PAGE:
What comes to mind when you think about Italy? La vita è bella, pizza, Vespa, Romeo & Juliet? After reading My Brilliant Friend, you can add something else to the list: Naples and the Neapolitan novels.
My Brilliant Friend is the first book of the four Neapolitan novels (where Neapolitan refers to pertaining to Naples), written by Elena Ferrante*. The author mentioned in an interview that the four books come together as “a single novel”, published in multiple parts for reasons of length and duration (Harper’s Magazine, 2014).
*I found it interesting that Elena Ferrante is actually a pseudonym, and the Italian novelist’s identity is still unknown despite the intense research done to unveil her identity.
The novel follows the story of two friends, Lenù and Lila, who have an interesting friendship … let’s say it’s complicated. They both live in Naples (Italy), in a poor neighborhood, in the 1950s. The whole story is narrated by Lenù, as she recounts their childhood (up to 16-ish years old):
“I feel no nostalgia for our childhood: it was full of violence. Every sort of thing happened, at home and outside, every day, but I don’t recall having ever thought that the life we had there was particularly bad.” (Lenù)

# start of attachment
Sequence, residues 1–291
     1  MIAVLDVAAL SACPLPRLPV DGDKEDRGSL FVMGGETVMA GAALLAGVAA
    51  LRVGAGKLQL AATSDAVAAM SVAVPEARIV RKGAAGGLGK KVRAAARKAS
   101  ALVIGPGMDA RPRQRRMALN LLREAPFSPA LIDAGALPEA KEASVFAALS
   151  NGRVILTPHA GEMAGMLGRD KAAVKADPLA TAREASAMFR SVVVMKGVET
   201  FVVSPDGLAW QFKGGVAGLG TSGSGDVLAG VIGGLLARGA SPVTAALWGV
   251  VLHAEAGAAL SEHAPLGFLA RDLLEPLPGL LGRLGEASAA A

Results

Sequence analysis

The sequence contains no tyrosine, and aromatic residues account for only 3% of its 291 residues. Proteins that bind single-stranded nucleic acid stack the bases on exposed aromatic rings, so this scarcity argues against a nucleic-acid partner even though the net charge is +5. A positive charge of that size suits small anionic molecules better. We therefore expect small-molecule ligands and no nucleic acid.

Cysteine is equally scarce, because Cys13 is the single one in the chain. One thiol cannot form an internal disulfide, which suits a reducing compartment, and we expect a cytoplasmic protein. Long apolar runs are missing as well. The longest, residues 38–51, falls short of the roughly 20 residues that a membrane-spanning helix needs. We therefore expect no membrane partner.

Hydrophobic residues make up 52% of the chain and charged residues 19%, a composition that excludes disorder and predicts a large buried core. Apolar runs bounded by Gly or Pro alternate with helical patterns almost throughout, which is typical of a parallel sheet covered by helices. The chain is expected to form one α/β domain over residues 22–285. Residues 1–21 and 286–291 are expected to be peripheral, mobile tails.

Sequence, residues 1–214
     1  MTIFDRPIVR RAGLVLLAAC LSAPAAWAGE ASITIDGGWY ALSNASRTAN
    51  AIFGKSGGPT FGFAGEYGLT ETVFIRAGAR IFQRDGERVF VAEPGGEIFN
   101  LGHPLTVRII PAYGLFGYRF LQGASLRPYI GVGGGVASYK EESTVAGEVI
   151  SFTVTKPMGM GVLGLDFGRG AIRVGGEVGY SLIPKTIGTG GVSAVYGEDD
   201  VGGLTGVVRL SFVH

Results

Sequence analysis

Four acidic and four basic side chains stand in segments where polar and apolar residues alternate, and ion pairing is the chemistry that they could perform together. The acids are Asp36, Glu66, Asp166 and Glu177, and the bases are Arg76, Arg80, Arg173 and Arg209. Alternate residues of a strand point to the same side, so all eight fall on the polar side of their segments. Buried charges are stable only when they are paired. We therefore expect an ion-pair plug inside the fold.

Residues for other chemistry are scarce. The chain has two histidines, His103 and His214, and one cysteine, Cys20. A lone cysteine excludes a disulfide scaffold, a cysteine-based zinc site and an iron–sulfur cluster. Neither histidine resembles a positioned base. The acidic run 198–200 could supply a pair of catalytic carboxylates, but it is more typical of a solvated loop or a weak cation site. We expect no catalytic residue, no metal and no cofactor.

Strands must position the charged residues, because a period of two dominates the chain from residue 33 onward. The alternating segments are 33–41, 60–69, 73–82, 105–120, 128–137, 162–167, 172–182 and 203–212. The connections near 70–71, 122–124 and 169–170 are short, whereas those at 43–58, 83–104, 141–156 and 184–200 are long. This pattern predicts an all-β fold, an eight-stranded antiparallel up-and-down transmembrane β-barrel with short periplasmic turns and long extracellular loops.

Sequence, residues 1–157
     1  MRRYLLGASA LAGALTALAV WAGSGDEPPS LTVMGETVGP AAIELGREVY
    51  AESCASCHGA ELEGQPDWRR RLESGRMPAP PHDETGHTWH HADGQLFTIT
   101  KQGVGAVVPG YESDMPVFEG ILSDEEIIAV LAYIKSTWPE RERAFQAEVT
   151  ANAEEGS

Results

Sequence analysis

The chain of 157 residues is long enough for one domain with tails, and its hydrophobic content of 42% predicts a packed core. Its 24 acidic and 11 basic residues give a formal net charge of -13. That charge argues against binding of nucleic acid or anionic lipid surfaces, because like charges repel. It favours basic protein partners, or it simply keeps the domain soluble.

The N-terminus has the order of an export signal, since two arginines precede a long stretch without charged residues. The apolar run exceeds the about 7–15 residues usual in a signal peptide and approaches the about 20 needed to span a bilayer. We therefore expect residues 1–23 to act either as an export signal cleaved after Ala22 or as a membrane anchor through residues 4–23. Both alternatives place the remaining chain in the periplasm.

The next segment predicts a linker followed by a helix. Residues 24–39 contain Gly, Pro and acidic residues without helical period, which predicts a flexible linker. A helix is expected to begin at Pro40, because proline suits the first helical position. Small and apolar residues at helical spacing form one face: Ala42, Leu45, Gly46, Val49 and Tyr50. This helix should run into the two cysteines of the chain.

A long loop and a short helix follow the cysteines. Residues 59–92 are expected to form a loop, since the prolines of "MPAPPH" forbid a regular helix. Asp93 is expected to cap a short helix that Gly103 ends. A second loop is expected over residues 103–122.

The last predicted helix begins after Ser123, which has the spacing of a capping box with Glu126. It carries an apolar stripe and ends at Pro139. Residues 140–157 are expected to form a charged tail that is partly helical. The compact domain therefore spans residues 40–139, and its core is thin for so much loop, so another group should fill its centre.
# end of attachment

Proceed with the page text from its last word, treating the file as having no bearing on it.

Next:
While discovering the micro-cosmos of the Neapolitan neighborhood, we are faced with interesting themes, just to name a few: family violence, parents’ lack of interest for their children education, jealousy, and the uncertainty surrounding teenage flings. Although I do not find these themes particularly enjoyable, and also none of the characters was particularly charming, the novel was pretty engaging and it made me want to read the other novels of the series. Part two, here I come! 🙂
However, I found two aspects that can be improved: the translation and the cover design. Regarding the translation, I felt the language used was a bit unnatural (the book was originally written in Italian). And when it comes to the cover … I personally think that the covers of the whole series are so unattractive! If the book had not been recommended to me by a friend, I would not have been attracted at all to pick it up. It got me questioning whether it’s the same in other countries, so I plan to do a “Book covers around the world” post about them, like the one I did for “The Pearl” by Steinbeck.
To sum up, My Brilliant Friend is an intriguing first book of the Neapolitan Novels quartet. It is the coming-of-age story of two Italian girls who learn to make their way through life, facing the ups and down of their childhood. I recommend it if you’re into realistic novels or if you want to read what Fatema Ahmed called “a feminist polemic” story.
Till’ next time … happy reading!
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